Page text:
My friend C just wrote a introspective post on school, personality and environment. It's pretty cool and I suggest you read it. Short background: I've known C since I was five or six and I'm sure I knew her by seven. We went to the same elementary school for seven years and played soccer together (not always on the same team) for six or seven years. Trust me when I say she's cool.
I really enjoyed reading her take on high school because mine is different and I think when we can each look back and maybe now figure out what we liked, didn't like and what we each benefited from in our respective environments. A disclaimer to some of our decisions is also this: M town was building schools and rearranging a lot when we were growing up, so our class, the ones before and after, were shuffled around quite a bit.
I went to public school from kindergarten through the first two days of school in tenth grade. I have no problem with public school: M town has exceptional schools and teachers and my dad and aunt went all the way through these schools. After seven years at one elementary school, I was shuttled between five different schools between sixth and tenth grades. Ninth grade was a little tough on my psyche - not sure why. MHS (the real high school) housed tenth through twelfth grades, totaling at about 1500 kids in a school that was too small (C mentions being a number).
I attended two days of my sophomore year, came home and told my parents I wasn't going back. I don't remember all of the reasons I gave them, but I told them I wasn't happy and that I was going to get lost in the crowd. I told them that I could go to the country school (the district C's family moved to), the private Christian school (two blocks from our house), or we could home school, but that I was not going back. I didn't realize at the time what a slap in the face that might have been for my parents: my dad graduated from MHS, my mom worked in the school system AND they paid taxes! Also, important to mention, nothing happened to drive me away - I had friends and I was smart - I just felt out of place and didn't want to feel that way for the next three years.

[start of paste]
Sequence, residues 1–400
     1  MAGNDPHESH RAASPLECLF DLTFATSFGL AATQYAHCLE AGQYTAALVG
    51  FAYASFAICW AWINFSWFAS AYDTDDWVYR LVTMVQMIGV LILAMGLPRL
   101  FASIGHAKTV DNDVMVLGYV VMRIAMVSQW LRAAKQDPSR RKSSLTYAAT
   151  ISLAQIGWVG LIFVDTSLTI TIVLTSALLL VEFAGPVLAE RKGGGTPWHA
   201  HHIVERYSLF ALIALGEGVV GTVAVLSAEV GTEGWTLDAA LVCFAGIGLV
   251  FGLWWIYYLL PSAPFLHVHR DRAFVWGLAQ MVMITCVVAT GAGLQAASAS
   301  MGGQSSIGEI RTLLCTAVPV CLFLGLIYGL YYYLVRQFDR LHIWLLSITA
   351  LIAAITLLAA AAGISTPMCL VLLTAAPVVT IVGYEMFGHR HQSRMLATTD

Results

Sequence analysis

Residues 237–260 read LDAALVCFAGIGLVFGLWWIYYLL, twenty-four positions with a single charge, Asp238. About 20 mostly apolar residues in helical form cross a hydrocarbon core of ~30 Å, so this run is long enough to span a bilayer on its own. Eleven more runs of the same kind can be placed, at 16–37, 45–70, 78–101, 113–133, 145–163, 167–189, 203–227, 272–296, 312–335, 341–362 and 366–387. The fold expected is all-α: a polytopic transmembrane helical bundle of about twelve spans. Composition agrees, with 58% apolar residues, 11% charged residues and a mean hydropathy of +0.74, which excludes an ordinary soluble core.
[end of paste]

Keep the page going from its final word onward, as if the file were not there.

For some reason, my parents let me leave MHS and I enrolled at the private Christian school (FHCS) up the road. They paid tuition so that I could change schools. I went into my sophomore year there not knowing anyone. I came out with friends. There were positive and negative aspects to a school so small (about ten students in a grade, forty in the high school), but for the most part, I excelled and it was a good choice for me. Do I think all fifteen-year-olds can or should make that decision? Not at all, but in this case it worked.
Why was it good for me? Teachers knew my name and they knew my parents. They had my sister in their class as well. It's difficult for anyone to be on the fringe if there are only ten kids in your class. We were close, very close. I was able to play soccer on a guys' team (only lasted one season :-) and cheer (which was so much fun) and work on yearbook and be a teacher's aide for preschoolers. I taught myself calculus (I was the class). I took three years of Spanish and excelled at English. I made friends for life and didn't even think that was possible. And this is so corny (please forgive me); I became a nicer person when I wasn't so scared of losing part of myself. It was far from perfect or idyllic (oh, senior year was ROUGH), but I felt at home and like I belonged - what I was studying for, cheering for, playing for - it was mine.
I'm the same age as miss C and this year is also when my ten year high school reunion should occur. I may have planned a little get-together in July. It may have involved many of the kids (total = eleven) from my senior class. We didn't call it anything fancy. They were excited. We spent time with each others' kids and spouses and had some dinner, hung out at the pool, sat by a bonfire (funny enough - at the house of an alumna a few years ahead of us). They are my people. Some of us are close and some had a lot more catching up to do. Everyone really just turned into better versions of themselves and it was so fantastic to see. We missed a few of our classmates and made sure to spread salacious rumors about them, but mostly it was chill and very good. That's what I wanted in tenth grade that I somehow knew I wasn't going to get at MHS. [However, I would like to interject that over the holidays, what I have come to call my "public school" friends get-together to see one another and catch up - which leads me to believe that I might have been okay if I'd stayed :-) ].
Ironically, I tried a small private university after high school that was a horrid fit. I went there for all the same reasons I went to FHCS initially and it turns out that KSU in M town was a much better fit. It still felt like home - like it was mine.
Really, what I think I can get out of this is that every schooling option isn't right for every kid. Parents do the best they can and hopefully listen and work out solutions (that are within their means and capability) that are the best for their kids. I was lucky to have options and parents that considered what I had to say. And not be melodramatic, but my life looks incredibly different than it would have otherwise. Have I mentioned that I met my C through a high school friend at FHCS? How was that going to happen some other way?